Stamford, Nebraska

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Stamford is a village in Harlan County, Nebraska, United States. The population was 202 at the 2000 census.



Stamford, named after Stamford, Connecticut, was laid out by the Lincoln Land Company in 1887, becoming incorporated as a village in 1907. The first town board members were Frank Tripe, A. E. Pettygrove, Nic Nielsen, George Zulauf, and J. K. Richmond.

Supported by agriculture, miles of rich farm ground surround the town. Crops grown in the area include corn, alfalfa, wheat, and milo. Livestock includes cattle, swine, and sheep.

In 1887 George Zulauf built a flour and feed mill on the north bank of the Sappa Creek. The building was covered with red tin and powered by the flowing water in the creek bed ten feet below it. Zulauf operated this mill until 1919 when the Gilchrist Bros purchased it. Fire destroyed the mill in 1920.

The post office was established in the community in 1887, phone service in 1901, electricity in 1915, and water works in 1927.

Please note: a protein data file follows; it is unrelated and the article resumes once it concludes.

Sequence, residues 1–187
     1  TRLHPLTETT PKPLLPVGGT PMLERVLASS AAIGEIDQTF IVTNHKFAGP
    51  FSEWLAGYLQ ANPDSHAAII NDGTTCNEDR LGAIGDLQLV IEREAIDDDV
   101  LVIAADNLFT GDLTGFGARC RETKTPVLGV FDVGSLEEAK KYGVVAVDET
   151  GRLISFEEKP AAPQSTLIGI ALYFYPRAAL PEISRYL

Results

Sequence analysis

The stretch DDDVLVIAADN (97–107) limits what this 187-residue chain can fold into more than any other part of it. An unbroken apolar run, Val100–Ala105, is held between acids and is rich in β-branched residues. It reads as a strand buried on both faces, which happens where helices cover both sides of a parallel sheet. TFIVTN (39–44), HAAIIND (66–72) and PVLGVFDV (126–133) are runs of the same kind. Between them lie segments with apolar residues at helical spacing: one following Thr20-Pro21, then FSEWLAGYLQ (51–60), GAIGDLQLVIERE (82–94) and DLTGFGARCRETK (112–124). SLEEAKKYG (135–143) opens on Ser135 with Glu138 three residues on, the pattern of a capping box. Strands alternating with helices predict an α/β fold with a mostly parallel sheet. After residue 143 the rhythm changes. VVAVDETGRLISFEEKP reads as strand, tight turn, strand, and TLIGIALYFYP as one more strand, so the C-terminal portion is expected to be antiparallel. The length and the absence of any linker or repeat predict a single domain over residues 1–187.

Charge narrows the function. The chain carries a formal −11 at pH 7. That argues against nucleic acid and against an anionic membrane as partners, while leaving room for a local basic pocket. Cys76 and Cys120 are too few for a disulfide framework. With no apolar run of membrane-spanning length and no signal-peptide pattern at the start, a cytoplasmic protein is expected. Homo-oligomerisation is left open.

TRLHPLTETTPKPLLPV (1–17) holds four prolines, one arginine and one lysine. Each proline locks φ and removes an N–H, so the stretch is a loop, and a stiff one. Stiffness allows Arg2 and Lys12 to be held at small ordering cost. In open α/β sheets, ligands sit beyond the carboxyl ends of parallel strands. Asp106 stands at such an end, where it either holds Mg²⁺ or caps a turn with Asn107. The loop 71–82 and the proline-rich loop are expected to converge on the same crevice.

A school was erected in town in 1888 in the west side of town. The building was replaced with a red brick building on the east side of town in 1918.


Stamford is located at 40°7′57″N 99°35′36″W / 40.1325°N 99.59333°W / 40.1325; -99.59333 (40.132554, -99.593368)[3].

According to the United States Census Bureau, the village has a total area of 0.5 square miles (1.2 km²), all of it land.

The town is located 7 miles (11 km) west of Orleans, Nebraska, 14 miles (23 km) east of Beaver City, Nebraska, 10 miles (16 km) southeast of Oxford, Nebraska, and 13 miles (21 km) north of Long Island, Kansas.


As of the census[1] of 2000, there were 202 people, 90 households, and 57 families residing in the village. The population density was 426.0 people per square mile (165.9/km²). There were 102 housing units at an average density of 215.1/sq mi (83.8/km²). The racial makeup of the village was 97.03% White, 0.50% from other races, and 2.48% from two or more races. Hispanic or Latino of any race were 3.47% of the population.

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